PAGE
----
Melrose Industries has won control of the UK engineering giant GKN.
Despite protests from government, unions and GKN customers, Melrose won the support of 52% of investors.
The company, which specialises in turning around troubled manufacturing businesses, had offered to buy the company for £8.1bn in cash and shares.
Although GKN offered to overhaul itself and sell off its car parts division, it was not enough to stop shareholders backing Melrose’s offer.
Christopher Miller, chairman of Melrose, said: “We are delighted and grateful to have received support from GKN shareholders for our plan to create a UK industrial powerhouse with a market capitalisation of over £10bn and a tremendous future.”
GKN’s businesses cover aerospace and automotive engineering. Its Driveline division makes systems for roughly half the world’s passenger cars and light trucks.
Its aerospace division is a major supplier to the US military and a key partner on defence programmes such as the F-35 joint strike aircraft in which the UK government has a stake.
Melrose’s strategy it says, is to keep the company together “to improve all of the businesses in GKN, only realising their value once they have reached full potential.”
However, what happens afterwards has alarmed politicians and unions and some of GKN’s customers.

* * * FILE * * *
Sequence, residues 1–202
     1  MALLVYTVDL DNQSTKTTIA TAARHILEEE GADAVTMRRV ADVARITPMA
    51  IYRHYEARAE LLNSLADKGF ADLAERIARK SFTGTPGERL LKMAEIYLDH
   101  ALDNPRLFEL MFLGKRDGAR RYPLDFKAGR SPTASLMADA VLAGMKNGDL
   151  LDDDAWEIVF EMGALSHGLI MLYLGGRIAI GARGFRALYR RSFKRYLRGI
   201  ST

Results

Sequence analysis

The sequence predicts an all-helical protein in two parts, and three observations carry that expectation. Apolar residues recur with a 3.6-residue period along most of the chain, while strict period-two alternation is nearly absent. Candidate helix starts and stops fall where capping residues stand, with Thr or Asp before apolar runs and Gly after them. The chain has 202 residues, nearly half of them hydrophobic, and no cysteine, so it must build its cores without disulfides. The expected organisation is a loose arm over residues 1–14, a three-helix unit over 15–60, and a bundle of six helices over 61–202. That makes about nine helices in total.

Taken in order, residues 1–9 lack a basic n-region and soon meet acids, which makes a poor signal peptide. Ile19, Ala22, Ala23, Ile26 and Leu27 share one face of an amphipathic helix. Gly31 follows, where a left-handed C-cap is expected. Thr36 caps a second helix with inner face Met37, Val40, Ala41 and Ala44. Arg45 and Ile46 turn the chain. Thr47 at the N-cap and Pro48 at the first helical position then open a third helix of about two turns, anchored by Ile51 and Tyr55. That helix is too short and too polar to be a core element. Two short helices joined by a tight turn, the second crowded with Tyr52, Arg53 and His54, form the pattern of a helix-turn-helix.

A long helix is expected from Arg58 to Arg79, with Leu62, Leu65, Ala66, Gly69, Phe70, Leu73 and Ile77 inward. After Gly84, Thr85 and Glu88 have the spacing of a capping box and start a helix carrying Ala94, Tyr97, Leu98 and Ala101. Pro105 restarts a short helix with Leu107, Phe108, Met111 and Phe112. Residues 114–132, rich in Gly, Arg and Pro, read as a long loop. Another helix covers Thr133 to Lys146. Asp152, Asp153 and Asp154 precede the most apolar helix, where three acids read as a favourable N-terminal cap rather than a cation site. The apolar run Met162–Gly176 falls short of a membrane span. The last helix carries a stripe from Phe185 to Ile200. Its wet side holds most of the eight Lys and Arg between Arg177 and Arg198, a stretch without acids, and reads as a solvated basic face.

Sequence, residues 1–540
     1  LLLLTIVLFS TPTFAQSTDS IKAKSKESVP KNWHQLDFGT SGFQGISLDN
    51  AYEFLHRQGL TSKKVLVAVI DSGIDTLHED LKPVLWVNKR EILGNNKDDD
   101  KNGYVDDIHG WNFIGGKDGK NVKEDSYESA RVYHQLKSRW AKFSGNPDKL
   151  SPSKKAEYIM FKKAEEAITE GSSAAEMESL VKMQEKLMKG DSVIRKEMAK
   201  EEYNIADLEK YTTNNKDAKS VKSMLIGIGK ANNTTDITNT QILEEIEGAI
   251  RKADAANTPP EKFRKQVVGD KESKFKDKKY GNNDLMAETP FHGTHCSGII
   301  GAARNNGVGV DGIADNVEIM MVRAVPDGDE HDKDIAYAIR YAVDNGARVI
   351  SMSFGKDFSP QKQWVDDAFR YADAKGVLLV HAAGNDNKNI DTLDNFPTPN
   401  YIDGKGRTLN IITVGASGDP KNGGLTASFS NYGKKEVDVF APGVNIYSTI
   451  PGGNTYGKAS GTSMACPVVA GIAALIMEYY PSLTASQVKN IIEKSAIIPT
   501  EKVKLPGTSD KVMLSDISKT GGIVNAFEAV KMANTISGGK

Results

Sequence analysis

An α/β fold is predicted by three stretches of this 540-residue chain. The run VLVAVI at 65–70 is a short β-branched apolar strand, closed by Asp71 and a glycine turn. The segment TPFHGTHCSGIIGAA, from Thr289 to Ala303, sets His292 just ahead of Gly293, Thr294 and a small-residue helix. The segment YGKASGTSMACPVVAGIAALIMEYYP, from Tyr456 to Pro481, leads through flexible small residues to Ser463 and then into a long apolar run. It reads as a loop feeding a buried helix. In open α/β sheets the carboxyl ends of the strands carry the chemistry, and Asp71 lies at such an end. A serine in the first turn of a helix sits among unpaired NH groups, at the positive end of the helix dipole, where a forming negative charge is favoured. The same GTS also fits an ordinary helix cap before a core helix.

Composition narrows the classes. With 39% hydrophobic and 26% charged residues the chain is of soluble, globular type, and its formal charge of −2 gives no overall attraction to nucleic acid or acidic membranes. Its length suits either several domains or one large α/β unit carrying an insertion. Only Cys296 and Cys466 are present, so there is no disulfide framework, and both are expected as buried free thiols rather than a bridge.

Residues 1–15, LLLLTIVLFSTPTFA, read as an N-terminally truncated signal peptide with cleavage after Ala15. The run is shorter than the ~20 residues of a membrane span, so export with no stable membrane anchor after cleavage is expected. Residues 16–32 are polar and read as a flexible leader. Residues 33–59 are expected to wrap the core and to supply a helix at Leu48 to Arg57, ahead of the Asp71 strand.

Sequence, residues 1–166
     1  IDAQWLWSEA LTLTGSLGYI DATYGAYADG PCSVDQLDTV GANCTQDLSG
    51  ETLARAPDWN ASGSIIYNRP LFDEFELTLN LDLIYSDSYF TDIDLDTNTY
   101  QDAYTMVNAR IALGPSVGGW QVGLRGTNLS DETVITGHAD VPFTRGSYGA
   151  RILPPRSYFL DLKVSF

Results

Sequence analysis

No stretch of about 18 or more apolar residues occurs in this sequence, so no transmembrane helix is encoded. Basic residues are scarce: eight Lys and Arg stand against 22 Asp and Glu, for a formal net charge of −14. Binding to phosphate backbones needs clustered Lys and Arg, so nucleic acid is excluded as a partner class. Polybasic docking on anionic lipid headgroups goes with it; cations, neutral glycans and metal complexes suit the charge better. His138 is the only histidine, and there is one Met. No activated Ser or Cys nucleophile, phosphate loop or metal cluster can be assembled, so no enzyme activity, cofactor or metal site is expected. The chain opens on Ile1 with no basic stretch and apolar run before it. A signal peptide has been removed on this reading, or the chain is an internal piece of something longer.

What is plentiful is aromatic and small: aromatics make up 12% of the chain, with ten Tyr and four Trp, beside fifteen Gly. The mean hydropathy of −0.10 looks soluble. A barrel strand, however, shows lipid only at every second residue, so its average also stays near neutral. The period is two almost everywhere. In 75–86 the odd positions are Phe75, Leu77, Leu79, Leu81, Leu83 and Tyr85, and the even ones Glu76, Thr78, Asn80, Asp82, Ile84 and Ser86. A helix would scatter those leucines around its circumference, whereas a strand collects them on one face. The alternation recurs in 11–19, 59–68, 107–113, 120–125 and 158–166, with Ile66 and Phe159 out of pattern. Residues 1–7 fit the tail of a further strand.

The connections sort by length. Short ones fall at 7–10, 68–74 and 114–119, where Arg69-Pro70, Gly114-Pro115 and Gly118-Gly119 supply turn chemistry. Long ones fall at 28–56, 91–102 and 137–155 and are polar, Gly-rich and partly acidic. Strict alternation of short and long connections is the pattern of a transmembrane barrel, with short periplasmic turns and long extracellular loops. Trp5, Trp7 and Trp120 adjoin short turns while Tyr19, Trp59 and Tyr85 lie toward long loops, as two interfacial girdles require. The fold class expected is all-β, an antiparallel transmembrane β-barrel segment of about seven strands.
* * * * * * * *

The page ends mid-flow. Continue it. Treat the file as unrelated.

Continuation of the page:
Greg Clark, the Business Secretary, wrote a letter to Melrose asking for “commitments, which would need to be binding in the event that your bid was successful”. These include maintaining the workforce, headquarters and R&D in the UK, and not selling defence businesses off in the short term.
The Unite union’s assistant general secretary for aerospace Steve Turner said: “Unite will be holding Melrose’s ‘feet to the fire’ over concessions it has made in recent days and seeking concrete guarantees on job security, investment and future work in the UK.
“The takeover is far from a done deal though. National security concerns remain not just for the UK, but for the US too, where the Committee on Foreign Investment in the United States is yet to approve the takeover and to whom Unite has made representations.
Before Melrose won the bid Airbus, which is supplied by GKN, said it would be “practically impossible” to give new business to GKN if Melrose’s offer was accepted because it damaged long-term investment prospects in the company, which could reduce research and development (R&D) budgets and limit innovation.
Melrose launched its bid in January, initially at £7bn. It increased that this month to £8.1bn, with up to another £1bn injected into the pension fund.
It argued that it could increase GKN’s profitability which had been falling steadily over the last five years.
In the run up to the bid, GKN had also suffered a crisis of leadership, with its chief executive-in-waiting, Kevin Cummings, forced to step down after problems in the company’s US aerospace division.
The new chief executive, Anne Stevens, a former Ford executive, devised a plan to merge GKN’s Driveline with the US car components group Dana to create a new company. GKN would get a 47% stake in it and $1.8bn (£1.28bn) in cash from Dana.
Melrose called the plans “panicked and fraught with contradictions”.
Source: BBC News